As for the film stock, of course, I went with Kodak Tri-X 400. When you’re out shooting something important, you have to go with a film stock you know and trust and what better way to shooting a wedding as a photojournalist than with the go-to film for photojournalism. The only difference is that instead of using Pyrocat-HD for the portraits I decided to try something different and developed the medium format Tri-X in Blazinal (Rodinal) and the results they speak for themselves. I wish nothing but happiness for these two, it’s been a long time coming, and it was well worth the wait.

Technical Details:
Colour Digitals: Sony A6000 + Sony E PZ 16-50mm 1:3.5-5.6 OSS, AF Nikkor 35mm 1:2D, AI-S Nikkor 105mm 1:2.5, KMZ Helios 44M-2
B&W Film (Rectangular): Nikon F5 – AF Nikkor 50mm 1:1.4D – Kodak Tri-X 400 @ ASA-400
Kodak HC-110 Dil. B 6:00 @ 20C
B&W Film (Square): Hasselblad 500c – Carl Zeiss Planar 80mm 1:2.8 – Kodak Tri-X 400 @ ASA-200
Blazinal (1+25) 7:00 @ 20C

CCR Review 70 – Voigtländer Bessa

CCR Review 70 – Voigtländer Bessa

When it comes to folding cameras, not all cameras are created equal. Many are simply box cameras dressed up with some bellows, while others have full on rangefinders and exposure control. While the Voigtländer Bessa is not top dog, it certainly is a little more usable than a simple box. The Bessa is a step up from a simple box but lacks a rangefinder to couple the manual focus. Couple this with a solid lens, with a full range of aperture and shutter speeds, makes this a solid choice if you’re looking for a folder. The Bessa is a long line of folding cameras that began in 1929 and lasted until 1949 with several changes over the course of product manufacture. This particular model dates between 1935 and 1937. It came into my collection through my Uncle Harvey, brother-in-law to my mother, it belonged to his father who used it well into the 1950s before switching to motion picture film to capture family memories. Special thanks to Uncle Harvey for trusting me with a family camera.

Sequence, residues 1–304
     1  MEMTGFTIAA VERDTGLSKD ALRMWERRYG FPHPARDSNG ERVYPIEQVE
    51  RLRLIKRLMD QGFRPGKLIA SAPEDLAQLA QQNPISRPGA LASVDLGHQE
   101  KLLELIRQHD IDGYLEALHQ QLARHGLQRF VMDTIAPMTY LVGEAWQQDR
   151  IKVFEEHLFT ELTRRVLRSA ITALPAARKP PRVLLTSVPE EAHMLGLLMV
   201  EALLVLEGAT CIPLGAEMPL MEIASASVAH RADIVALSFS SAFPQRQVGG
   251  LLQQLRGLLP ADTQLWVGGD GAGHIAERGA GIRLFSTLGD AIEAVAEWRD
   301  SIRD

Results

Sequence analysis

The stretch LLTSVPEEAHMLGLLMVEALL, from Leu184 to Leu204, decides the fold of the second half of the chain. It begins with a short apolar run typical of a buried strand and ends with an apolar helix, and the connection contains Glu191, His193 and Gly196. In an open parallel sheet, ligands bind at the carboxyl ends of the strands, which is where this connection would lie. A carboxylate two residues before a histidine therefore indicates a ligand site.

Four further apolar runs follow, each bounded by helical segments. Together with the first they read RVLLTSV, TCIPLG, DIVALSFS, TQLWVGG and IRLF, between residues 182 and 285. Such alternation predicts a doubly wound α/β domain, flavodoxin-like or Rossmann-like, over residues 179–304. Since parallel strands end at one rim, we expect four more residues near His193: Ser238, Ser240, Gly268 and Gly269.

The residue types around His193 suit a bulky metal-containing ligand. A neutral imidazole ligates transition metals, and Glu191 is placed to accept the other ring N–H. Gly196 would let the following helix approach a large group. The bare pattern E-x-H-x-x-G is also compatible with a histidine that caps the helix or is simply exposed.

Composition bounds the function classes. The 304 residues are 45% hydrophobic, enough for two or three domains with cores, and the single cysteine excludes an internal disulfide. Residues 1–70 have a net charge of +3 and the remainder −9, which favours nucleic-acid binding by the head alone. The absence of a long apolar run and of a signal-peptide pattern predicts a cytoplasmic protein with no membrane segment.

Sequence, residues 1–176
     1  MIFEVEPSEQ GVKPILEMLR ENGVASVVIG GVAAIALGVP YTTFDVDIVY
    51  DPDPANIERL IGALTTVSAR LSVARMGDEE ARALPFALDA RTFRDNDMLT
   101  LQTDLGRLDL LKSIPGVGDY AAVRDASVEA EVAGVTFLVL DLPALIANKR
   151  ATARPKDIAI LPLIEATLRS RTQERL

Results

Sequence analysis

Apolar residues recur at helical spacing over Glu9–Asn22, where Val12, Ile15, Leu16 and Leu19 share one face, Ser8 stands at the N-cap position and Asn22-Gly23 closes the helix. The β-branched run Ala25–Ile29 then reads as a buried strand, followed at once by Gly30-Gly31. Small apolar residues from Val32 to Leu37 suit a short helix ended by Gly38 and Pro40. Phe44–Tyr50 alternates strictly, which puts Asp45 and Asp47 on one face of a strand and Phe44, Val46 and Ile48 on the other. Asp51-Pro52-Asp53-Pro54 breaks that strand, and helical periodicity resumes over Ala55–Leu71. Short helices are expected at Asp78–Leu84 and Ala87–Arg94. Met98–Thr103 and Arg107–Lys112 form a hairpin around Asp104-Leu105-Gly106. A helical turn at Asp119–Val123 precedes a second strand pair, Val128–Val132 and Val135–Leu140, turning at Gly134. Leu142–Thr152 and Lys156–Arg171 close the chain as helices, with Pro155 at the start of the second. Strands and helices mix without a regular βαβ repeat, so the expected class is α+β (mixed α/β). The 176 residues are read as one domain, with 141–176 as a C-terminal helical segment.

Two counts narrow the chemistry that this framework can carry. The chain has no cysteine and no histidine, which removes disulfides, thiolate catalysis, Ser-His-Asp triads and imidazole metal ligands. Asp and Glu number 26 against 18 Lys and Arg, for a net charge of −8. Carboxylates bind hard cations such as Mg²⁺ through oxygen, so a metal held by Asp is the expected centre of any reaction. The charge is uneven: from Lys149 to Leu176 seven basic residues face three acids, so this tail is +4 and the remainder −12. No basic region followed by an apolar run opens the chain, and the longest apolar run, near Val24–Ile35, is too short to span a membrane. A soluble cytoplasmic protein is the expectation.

CCR Review 70 - Voigtlander Bessa

  • Make: Voigtländer
  • Model: Bessa
  • Type: Folder
  • Format: Medium, 120/620, 6×4.5/6×9
  • Lens: Fixed, Voigtländer Anastigmat Voigtar 1:4,5 F=11cm
  • Year of Manufacture: 1935-1937

CCR Review 70 - Voigtlander Bessa

CCR Review 70 - Voigtlander Bessa

The Good
If there’s one thing I’ve learned over the past reviews is that age doesn’t always mean poor performance. In fact, I’ve had successfully quality images from cameras far older than the Bessa. And the Bessa certainly delivers, the Voigtar lens, based on the Anastigmat design, provides quality sharp images at any aperture, I mostly shot these at f/11 or f/8, the reason will come in the next paragraph. While not exactly the fastest lens on the block at only f/4.5 I only found this to be a problem once and only because I was shooting the film at ASA-50. When it comes to handling, the Bessa is a decent shooter. Probably top on my list is that there’s a shutter release on the lens door, makes it nice and easy to shoot either landscape or portrait. By default the camera shoots in the big and beautiful 6×9 format and produces fantastic images as such, the 11cm (110mm) lens is perfect for the format with no vignetting or fall-off in any corner. But you will only get eight frames per roll. However, you can add a mask to the camera and use the second frame counter window and produce 6×4.5 format images that double the number of exposures per roll to 16. Of course, you need to add a mask to the camera, a mask I don’t have but can be produced I have yet to create such a mask. And finally, the camera is designed to accept both 120 and 620 film rolls, while less of an issue today such compatibility between Kodak Films and everyone else certainly helped the average photographer.

CCR Review 70 - Voigtlander Bessa

CCR Review 70 - Voigtlander Bessa

The Bad